Braden continued to stare at her. "Ms. Lowell, I'm sorry, but we're terminating your employment, effective immediately."
The CFO pushed an envelope across the table. "We've direct deposited three years' severance and the last quarter's profit sharing into your bank account, and we'll also cover the cost of your health insurance coverage for one full year. Earlier this week the board of directors held an emergency shareholders' meeting, and the stockholders voted to merge with another institution. The result is the entire New York operation will move to Trenton, New Jersey, this coming weekend."
She inhaled deeply in an attempt slow down the runaway beating of her heart. Talk about being blindsided. Five years ago she'd resigned her position with a prominent law firm in midtown Manhattan to work for the bank, and it had been her plan to stay long enough to retire at sixty-seven.
"Am I the only one being terminated?" she asked, after an uncomfortable silence.
"No. Unfortunately, we've had to lay off half our employees," the chief financial officer replied in an emotionless monotone, "including upper management and support staff."
Hannah saw his mouth moving but she wasn't listening to what he was saying because she'd suddenly tuned him out. She knew that someday she would go back to her roots, because she'd always yearned for a slower pace in which to live out the rest of her life. It was apparent that day had come much sooner than she'd planned.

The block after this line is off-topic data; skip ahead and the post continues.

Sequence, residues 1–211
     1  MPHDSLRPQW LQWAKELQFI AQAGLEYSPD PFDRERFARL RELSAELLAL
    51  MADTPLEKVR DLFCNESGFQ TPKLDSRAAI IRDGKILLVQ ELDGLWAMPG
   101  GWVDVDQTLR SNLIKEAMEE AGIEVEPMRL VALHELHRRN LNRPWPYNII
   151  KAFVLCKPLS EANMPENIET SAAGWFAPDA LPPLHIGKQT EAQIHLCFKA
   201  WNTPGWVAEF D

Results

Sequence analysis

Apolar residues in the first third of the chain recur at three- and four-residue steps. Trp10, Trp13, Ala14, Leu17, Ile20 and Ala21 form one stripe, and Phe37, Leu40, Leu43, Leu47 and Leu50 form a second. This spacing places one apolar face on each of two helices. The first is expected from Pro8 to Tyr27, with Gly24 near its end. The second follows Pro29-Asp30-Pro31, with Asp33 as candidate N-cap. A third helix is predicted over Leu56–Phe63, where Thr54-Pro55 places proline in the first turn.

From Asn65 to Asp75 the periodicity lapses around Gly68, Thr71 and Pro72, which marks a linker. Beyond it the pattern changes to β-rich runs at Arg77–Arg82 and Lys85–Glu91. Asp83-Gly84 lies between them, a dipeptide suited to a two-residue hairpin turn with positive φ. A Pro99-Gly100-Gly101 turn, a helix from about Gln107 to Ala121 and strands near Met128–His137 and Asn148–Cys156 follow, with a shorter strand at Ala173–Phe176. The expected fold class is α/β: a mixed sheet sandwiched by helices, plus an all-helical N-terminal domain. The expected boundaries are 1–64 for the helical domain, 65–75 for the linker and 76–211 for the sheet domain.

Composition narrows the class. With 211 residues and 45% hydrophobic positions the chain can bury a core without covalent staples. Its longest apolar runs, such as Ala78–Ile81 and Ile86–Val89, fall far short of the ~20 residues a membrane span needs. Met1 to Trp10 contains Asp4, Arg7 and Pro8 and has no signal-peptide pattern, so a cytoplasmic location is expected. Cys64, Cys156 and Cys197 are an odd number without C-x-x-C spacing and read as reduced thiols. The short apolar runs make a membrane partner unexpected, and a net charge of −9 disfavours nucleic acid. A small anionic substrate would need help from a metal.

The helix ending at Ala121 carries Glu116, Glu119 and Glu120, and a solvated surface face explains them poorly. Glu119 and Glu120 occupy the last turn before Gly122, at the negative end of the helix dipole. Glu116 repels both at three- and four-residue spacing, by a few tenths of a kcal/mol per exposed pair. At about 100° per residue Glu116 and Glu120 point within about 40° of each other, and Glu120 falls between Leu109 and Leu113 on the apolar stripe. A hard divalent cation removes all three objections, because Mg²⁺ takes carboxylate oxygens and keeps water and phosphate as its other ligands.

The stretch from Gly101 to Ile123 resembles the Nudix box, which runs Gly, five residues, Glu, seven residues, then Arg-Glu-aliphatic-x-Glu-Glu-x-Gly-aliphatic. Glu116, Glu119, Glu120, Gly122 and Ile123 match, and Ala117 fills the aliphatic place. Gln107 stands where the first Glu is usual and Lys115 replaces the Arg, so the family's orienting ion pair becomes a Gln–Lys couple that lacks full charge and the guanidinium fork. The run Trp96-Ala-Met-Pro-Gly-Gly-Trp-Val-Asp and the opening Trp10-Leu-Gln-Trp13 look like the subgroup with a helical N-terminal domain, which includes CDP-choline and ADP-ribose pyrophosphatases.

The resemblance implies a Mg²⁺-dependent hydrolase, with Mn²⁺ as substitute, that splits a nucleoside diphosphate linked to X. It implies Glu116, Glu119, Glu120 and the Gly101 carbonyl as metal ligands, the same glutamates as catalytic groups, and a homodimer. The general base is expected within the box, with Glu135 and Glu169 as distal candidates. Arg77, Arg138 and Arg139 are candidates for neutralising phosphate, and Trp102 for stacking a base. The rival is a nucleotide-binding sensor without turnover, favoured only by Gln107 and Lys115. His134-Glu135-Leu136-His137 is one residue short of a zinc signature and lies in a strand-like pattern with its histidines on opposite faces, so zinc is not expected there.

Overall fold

Braden cleared his throat. "Is there anything else you'd like to ask or say, Ms. Lowell, before security escorts you to your office so you can retrieve your personal belongings?"
Her lips twisted into a cynical smile as she tucked a platinum strand of hair behind her left ear. He really didn't want to hear what she really longed to say. She stood, the others rising with her. "No. Thank you for everything. You've been most generous," Hannah drawled facetiously, when she wanted to curse them soundly for disrupting her life without prior notice.
She viewed the merger with skepticism, because there had been no discussion or rumors of a merger among any of the employees. She complimented herself for not losing her composure. If her mother had been alive there was no doubt she would've been very proud that her daughter had retained her ladylike poise, and poise was everything to Clarissa DuPont. Picking up the envelope, Hannah dropped it into her handbag and left the conference room.
The first thing she saw as she entered what would no longer be her office was the banker's box on the desk. It took less than ten minutes to remove laminated degrees from the wall, family photos, personal books and magazines off a credenza and store them in the box. She surrendered her ID badge, and the guard carried the box until they arrived at the entrance to the building.